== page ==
As part of the American Heart Association’s national “Go Red for Women” campaign, Washington County Consolidated Communications Agency dispatchers, Legacy Meridian Park Medical Center staff and Tualatin Valley Fire & Rescue personnel are exchanging their regular uniform shirts for red ones in recognition that heart disease is the top killer of women in the United States, claiming more lives than all forms of cancer combined. They will continue wearing the shirts throughout Heart Month.
The partnership between Legacy Meridian Park, TVF&R and WCCCA will help raise awareness about the importance of knowing the signs and symptoms of a heart attack – which can be different for men and women – and when to call 911.
The red shirts sport an important message: Know the signs of a heart attack, don’t delay, and call 911.
Identifying the symptoms of a heart attack and calling 911 triggers a potentially lifesaving continuum of care for a cardiac patient. Dispatchers provide important CPR instruction, bystanders and law enforcement officers perform CPR, firefighter paramedics begin advanced medical care in the field, and hospitals like Legacy Meridian Park provide expert diagnosis and lifesaving treatment.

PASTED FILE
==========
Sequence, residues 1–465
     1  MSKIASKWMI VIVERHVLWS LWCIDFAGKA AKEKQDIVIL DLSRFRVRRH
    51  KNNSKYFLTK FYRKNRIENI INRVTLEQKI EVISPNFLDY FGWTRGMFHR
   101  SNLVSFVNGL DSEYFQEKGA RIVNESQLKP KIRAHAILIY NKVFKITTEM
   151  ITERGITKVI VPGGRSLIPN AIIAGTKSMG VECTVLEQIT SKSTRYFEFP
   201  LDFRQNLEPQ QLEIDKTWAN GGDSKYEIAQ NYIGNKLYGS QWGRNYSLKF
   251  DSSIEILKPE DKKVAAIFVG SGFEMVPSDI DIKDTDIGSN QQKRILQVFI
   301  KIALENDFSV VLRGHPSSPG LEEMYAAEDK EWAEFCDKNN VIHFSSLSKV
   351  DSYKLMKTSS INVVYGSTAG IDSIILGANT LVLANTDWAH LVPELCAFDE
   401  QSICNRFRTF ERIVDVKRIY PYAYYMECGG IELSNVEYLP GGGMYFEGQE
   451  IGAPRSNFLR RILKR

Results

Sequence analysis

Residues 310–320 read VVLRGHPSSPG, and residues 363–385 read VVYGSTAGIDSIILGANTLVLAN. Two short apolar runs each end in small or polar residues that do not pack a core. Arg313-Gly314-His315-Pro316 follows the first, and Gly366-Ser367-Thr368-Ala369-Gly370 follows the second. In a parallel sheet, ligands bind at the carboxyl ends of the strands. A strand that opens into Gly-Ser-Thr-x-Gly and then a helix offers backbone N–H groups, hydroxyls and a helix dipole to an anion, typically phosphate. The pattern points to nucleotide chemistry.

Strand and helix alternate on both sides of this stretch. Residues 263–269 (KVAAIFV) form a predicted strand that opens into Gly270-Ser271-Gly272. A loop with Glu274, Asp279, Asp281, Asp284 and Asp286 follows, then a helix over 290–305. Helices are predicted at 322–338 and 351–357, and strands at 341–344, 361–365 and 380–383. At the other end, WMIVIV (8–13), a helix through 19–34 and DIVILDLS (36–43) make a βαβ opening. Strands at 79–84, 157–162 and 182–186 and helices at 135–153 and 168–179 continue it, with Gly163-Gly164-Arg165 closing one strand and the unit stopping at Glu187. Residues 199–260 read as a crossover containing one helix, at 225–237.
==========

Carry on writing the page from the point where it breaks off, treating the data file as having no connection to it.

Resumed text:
While the message is equally important for both men and women, awareness of heart disease and gender-specific heart symptoms in women has severely lagged behind that of men.
“Our emergency responders and staff are wearing red shirts during Heart Month because we believe that the strength of an entire community fighting side by side will ultimately prove more powerful than the nation’s No. 1 killer – heart disease,” states Fire Chief Mike Duyck. “Because our firefighter paramedics respond to over 3,500 cardiac-related calls each year, we will continue to tirelessly advocate for the heart health of our community and provide the most effective advanced medical care possible in the field.”
As with men, the most common heart attack symptom in women is chest pain or discomfort. But women are more likely to experience the other common symptoms, particularly shortness of breath, nausea, vomiting, and back or jaw pain. They are also symptoms that women often brush off as the flu, stress, or simply feeling under the weather, which could put their lives in jeopardy.
Legacy Meridian Park Medical Center Chief Administrative Officer Allyson Anderson states, “In its first 10 years, 'Go Red for Women' has raised awareness by 23 percent that heart disease is the No. 1 killer of women. Greater awareness has been achieved through many grassroots efforts like this red shirt campaign. We are eager to maintain the Go Red momentum and are committed to saving lives with our dedicated catheterization lab and Chest Pain Center.”